Ready to scale Boston Marathon’s ‘Heartbreak Hill’

- March 1, 2024
| By : Navneet Singh |

Jayanti Thapliyal, a 46-year-old staffer of Indian Defence Account Service, has been balancing work and family responsibilities with passion for running; her commitment paid dividends as she qualified for Boston Marathon in April

INSPIRATION: Jayanti Thapliyal pursues her love for marathon juggling between home and office

Way back in 2015, medical experts told Jayanti Thapliyal, a mother of a school-going child, that she wouldn’t be able to run unless she undergoes a minor knee surgery to get rid of pain that cropped up due to muscle imbalance. 

Scared of surgery, Jayanti decided to undergo a strength and rehab programme that lasted nearly two months. 

“The rehab was a bit expensive. But I was satisfied as it assured me of a good health and return to running,” the Delhi based distance runner spent her two months’ salary to get back to the running world.

Come April 15, the 46-year-old clerical staff of Indian Defence Account Service will compete at the prestigious Boston Marathon, the oldest foot race in USA, in her age group. 

“I’ve booked my air tickets,” she said proudly. “Will reach Boston a week in advance to get acclimatised to the 12-hour time zone difference between India and the USA.”

Last weekend (February 25), Jayanti competed in a half marathon (21 km) in Delhi and finished second in her age group (45 to 55 years). She clocked 1:36:41. Her personal best for a marathon is 3:30:48. 

“My half marathon time was satisfying. I’m happy with the progress,” she added.

Jayanti has been associated with middle and long-distance running for the past three decades and has won a couple of medals as a junior and in Masters category. Running has enabled her to withstand hardship of daily life beyond sports. 

Being a woman runner one has to overcome challenges as certain things remain the same, she said. 

Jayanti Thapliyal

“I had to dress like a boy during practice when I was a school student to avoid prying eyes,” she added. “I’m a working mother. Still, I have to take precautions when going out for a run.”

Jayanti’s parents, a middle-class family, were reluctant to send her to the playground for practice. 

“Initially my mother discouraged me as they wanted her children to do well in life. Sports was the last thing on their mind,” she recalled. “I just wanted to prove that I can do it to my classmates and the inner urge to do something pushed me outdoors.”

Having rural background helped. Jayanti was born in Pauri Garhwal in Uttarakhand. She could face hardships of city life when her family shifted to Delhi in the late 1980s. 

Being hardy and physically fit, she quickly caught the eye of her school teacher in Sarojini Nagar. She won school zonal races and was asked to attend coaching classes after school at the Delhi government-run Thyagaraj Sports Complex. 

“We had ordinary sneakers for practice as it was tough for parents to support three siblings, including two brothers,” Jayanti said of challenges she faced as a teenager.

Jayanti was 12 when she first competed in school athletics meet. She was a successful runner in junior category at national level. 

She also attended the national junior camp in 1994 and things got better in 1999 when she joined Indian Defense Account Service department through sports quota. “I was in class 10th when I got a job,” she said.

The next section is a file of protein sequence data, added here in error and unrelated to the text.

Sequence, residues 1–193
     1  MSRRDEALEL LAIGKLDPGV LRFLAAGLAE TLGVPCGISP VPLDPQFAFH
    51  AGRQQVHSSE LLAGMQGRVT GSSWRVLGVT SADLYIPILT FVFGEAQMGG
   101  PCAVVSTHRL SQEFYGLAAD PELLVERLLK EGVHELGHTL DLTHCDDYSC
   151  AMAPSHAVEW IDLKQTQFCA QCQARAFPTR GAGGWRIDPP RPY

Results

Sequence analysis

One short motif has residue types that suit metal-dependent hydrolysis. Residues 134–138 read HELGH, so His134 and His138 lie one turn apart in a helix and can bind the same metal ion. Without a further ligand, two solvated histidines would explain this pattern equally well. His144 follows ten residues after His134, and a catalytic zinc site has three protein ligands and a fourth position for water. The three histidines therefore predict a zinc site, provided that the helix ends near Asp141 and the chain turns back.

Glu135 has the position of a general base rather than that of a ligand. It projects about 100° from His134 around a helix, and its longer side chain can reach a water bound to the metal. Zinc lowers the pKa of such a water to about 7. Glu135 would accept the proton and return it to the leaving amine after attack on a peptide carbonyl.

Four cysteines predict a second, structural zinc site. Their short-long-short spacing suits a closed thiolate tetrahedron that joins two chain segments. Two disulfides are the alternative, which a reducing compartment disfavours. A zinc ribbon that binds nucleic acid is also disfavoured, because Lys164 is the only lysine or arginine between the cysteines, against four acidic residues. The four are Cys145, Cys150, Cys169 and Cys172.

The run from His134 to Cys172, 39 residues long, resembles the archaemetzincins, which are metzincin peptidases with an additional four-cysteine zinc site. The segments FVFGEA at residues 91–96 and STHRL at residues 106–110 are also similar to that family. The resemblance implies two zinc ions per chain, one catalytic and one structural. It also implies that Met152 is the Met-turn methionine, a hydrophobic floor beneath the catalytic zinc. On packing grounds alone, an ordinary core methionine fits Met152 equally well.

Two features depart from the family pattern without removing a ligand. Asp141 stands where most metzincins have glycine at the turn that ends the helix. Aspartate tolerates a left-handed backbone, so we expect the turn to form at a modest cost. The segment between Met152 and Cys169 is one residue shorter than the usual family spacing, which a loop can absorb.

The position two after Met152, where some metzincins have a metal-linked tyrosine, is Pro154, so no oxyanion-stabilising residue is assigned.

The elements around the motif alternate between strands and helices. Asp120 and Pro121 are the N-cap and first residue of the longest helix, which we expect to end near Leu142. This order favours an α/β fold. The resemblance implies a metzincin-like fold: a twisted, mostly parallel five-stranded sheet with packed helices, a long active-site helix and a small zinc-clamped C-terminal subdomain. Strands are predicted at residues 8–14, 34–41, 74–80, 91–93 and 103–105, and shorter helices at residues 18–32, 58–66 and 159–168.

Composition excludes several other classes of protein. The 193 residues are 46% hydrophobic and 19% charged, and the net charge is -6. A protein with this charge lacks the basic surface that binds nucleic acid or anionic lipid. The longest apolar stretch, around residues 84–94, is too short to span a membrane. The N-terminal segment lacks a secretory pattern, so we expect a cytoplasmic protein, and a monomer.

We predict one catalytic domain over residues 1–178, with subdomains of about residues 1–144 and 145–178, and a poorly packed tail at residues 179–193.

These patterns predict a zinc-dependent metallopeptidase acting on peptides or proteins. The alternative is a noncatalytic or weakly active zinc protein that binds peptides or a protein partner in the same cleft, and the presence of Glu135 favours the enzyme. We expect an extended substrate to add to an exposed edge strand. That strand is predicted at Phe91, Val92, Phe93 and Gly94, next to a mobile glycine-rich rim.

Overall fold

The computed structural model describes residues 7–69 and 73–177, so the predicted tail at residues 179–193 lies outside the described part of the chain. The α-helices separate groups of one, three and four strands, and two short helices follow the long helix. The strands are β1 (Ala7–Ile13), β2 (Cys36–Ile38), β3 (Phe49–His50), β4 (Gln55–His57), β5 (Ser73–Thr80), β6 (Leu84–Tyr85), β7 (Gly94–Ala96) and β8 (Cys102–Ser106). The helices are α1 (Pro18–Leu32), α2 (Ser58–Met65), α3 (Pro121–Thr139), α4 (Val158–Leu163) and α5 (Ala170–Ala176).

But a year after attending national camp for the 2004 Delhi World Half Marathon, her physical activities were temporarily halted. 

Reason: Firstly, she got married in 2005. Burdened with office work and not finding enough time was the second reason for no fitness.

Sedentary lifestyle took its toll on the young mother and she had cervical problem. “That was the time I released I’ve to go out and do some physical work,” she said of starting running again in 2009.

Getting back to fitness was a daunting task, but she gradually moved up the ladder and won couple of medals in track races ranging from 800m to 5,000m at Masters athletics competitions at the continental level. 

Encouraged by good performances, she moved the distance up and completed five marathon races, including one in Ladakh in 2022. 

She qualified for the Boston Marathon in 2021 but due to Covid-19 pandemic, she couldn’t get necessary documents to travel to the USA.

She wasn’t disheartened and made efforts again before successfully qualifying in her age group for the 2024 Boston Marathon. She is now ready for the challenging course in Boston.

Off the running circle, she has to attend to her ailing parents and spend time with her son—Hardik—who has his class 12th board exam. Besides, office-going husband Pradeep Thapliyal, a former national level football player. 

“Family support has made things easier. Otherwise, it’s difficult to log miles and stay fit,” the 46-year-old runner said. 

“I’ve to spend Rs 12,000 to 15,000 on a pair of good running shoes which last for three-four months.”

For practice, she has to get up early at 4 am. She hits the road by 5.30 am. Majority of the distance running is done in group. Conditioning and general training is done solo. 

The Boston Marathon has a special kind of challenge for competitors. At mile 20, the runners have to tackle Heartbreak Hill — a half-mile uphill section of the course. 

“I’ve heard the Boston Marathon course is quite challenging,” she said after one of her training sessions. “Well! I’ve to prove that I can do it.”